Event Permits Nashville

Nashville is host to many outdoor events on an annual basis. As you start the planning process, it is important to recognize that your event plays a unique part in the relationship with the community. A quality event can make a difference to the City of Nashville. EventPermits works with the City of Nashville and its partners, in planning safe and successful events that comply with city law.

Nashville Event Locations:

  • Sommet Center
  • Nashville Municipal Auditorium
  • Herschel Greer Stadium
  • Ezell Park
  • Vanderbilt Stadium
  • Dudley Field
  • Memorial Gymnasium
  • Hawkins Field
  • Curb Event Center
  • Gentry Center
  • Allen Arena
  • Music City Motorplex
  • The Parthenon
  • Grand Ole Opry
  • Ryman Auditorium
  • Belcourt Theatre
  • Tennessee State Fair
  • Opry Mills
  • Centennial Park
  • Country Music Hall of Fame

Much of the city’s cultural life has revolved around its large university community. Particularly significant in this respect were two groups of critics and writers who were associated with Vanderbilt University in the early twentieth century, the Fugitives and the Agrarians.

Popular destinations include Fort Nashborough and Fort Negley, the former being a reconstruction of the original settlement, the latter being a semi-restored Civil War battle fort; the Tennessee State Museum; and The Parthenon, a full-scale replica of the original Parthenon in Athens. The State Capitol is one of the oldest working state capitol buildings in the nation, while The Hermitage is one of the older presidential homes open to the public. The Nashville Zoo is one of the city’s newer attractions.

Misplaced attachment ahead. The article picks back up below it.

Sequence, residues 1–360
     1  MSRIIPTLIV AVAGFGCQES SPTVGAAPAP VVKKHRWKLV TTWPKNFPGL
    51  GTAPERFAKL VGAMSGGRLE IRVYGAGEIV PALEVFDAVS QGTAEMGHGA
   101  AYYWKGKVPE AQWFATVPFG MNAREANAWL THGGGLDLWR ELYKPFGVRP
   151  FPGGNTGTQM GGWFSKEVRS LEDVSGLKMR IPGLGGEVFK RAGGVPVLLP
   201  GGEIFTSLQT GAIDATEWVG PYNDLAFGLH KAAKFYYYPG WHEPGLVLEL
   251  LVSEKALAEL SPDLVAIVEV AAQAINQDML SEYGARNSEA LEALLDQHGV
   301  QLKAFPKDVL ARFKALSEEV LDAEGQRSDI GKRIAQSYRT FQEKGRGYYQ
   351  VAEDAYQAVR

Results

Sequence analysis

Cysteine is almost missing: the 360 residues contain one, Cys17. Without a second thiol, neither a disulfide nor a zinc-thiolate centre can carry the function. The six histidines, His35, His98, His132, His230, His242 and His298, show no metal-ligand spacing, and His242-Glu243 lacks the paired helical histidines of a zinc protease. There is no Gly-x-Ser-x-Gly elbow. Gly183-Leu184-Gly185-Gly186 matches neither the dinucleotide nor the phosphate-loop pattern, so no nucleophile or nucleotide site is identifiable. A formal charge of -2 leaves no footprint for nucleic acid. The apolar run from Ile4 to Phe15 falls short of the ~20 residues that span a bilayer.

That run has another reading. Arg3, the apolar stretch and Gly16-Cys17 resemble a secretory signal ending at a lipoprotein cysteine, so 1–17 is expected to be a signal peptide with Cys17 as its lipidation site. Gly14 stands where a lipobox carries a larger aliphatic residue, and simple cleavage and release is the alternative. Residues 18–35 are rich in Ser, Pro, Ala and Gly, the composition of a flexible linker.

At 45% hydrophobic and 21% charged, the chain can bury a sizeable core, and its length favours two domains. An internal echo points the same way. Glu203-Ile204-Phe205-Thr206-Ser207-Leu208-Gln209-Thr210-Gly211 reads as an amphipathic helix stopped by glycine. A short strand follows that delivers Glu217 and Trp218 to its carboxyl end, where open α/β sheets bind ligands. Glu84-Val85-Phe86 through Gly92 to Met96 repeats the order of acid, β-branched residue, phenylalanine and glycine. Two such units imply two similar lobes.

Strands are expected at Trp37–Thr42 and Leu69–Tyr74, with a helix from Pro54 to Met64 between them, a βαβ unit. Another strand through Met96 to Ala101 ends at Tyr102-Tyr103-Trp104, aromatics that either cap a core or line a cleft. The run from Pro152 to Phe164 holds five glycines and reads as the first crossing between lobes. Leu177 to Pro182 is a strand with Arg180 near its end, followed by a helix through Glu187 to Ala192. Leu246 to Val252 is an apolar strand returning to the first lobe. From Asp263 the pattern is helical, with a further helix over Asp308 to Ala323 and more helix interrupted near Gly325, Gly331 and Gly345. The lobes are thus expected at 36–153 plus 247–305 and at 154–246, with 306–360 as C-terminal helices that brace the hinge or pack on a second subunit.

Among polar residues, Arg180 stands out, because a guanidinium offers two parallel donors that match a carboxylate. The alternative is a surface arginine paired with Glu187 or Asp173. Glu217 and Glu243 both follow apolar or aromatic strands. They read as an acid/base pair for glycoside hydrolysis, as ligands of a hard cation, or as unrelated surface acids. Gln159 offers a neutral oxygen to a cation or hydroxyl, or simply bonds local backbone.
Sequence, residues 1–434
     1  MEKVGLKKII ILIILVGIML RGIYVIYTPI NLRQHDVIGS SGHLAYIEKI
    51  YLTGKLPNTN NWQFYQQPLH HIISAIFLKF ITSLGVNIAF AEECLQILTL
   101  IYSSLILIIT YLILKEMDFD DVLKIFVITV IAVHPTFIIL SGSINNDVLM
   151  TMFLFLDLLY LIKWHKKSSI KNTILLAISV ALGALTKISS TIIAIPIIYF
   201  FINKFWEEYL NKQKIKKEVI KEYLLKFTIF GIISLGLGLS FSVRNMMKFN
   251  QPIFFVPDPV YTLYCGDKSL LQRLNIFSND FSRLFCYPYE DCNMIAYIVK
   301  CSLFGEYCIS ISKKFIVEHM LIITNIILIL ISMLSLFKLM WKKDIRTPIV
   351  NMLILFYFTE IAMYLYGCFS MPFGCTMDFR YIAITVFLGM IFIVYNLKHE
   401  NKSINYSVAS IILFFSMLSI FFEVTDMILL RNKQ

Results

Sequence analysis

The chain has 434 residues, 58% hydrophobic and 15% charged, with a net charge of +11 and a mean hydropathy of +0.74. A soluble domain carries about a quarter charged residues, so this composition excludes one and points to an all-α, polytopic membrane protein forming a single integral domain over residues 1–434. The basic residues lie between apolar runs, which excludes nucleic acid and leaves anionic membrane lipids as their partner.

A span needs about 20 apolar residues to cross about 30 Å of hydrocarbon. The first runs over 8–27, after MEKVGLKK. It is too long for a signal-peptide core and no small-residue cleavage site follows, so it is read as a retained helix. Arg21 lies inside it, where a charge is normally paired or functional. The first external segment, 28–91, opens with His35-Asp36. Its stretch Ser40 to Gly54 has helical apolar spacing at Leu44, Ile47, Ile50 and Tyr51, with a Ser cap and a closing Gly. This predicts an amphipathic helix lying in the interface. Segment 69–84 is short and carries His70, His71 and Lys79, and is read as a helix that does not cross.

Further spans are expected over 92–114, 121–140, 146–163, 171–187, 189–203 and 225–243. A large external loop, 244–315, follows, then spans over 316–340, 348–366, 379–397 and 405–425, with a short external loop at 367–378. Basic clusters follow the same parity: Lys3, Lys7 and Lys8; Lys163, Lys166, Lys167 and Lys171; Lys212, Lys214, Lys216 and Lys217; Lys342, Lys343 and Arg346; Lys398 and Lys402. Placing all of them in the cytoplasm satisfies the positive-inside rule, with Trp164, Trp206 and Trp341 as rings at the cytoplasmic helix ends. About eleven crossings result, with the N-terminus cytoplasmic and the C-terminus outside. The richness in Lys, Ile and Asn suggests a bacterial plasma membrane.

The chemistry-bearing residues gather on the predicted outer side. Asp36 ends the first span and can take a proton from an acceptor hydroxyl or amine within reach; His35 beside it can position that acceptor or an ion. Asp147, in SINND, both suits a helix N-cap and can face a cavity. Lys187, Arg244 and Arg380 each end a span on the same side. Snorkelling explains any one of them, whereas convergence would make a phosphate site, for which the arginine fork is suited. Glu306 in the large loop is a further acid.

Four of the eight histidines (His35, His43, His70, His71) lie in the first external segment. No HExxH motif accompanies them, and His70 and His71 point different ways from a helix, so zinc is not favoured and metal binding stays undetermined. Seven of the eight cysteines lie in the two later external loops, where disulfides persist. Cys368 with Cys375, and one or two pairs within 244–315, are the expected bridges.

Many popular tourist sites involve country music, including the Country Music Hall of Fame and Museum, Belcourt Theatre and Ryman Auditorium. Ryman was home to the Grand Ole Opry until 1974 when the show moved to the Grand Ole Opry House nine miles east of downtown. The Opry plays there several times a week, except for an annual winter run at Ryman.

Each year, the CMA Music Festival (formerly known as Fan Fair) brings thousands of country fans to the city.

Nashville was once home of television shows like Hee Haw and Pop! Goes the Country, and to the Opryland USA theme park, which operated from 1972 to 1997 before being closed by its owners Gaylord Entertainment, and soon after demolished to make room for the Opry Mills mega-shopping mall.

The Christian pop and rock music industry is based along Nashville’s Music Row, with a great influence in neighboring Williamson County. The Christian record companies include EMI (formally Sparrow Records), Rocketown Records, Beach Street and Reunion Records with many of the genre’s most popular acts such as Michael Tait, Jars of Clay, Rebecca St. James, tobyMac, Michael W. Smith, Amy Grant, Steven Curtis Chapman, Mandisa, Avalon, DJ Maj and Newsboys based there.

Riverfront concert
Riverfront concert
Nashville at night
Nashville at night
Ryman Auditorium
Ryman Auditorium

Although Nashville was never known as a jazz town, it did have many great jazz bands including The Nashville Jazz Machine led by Dave Converse and its current version, the Nashville Jazz Orchestra, led by Jim Williamson, as well as The Establishment, led by Billy Adair.

The Tennessee Performing Arts Center is the major performing arts center of the city. It is the home of the Tennessee Repertory Theatre, Nashville Children’s Theatre, the Nashville Opera, and Nashville Ballet.

In September 2006, the Schermerhorn Symphony Center opened as the home of the Nashville Symphony Orchestra.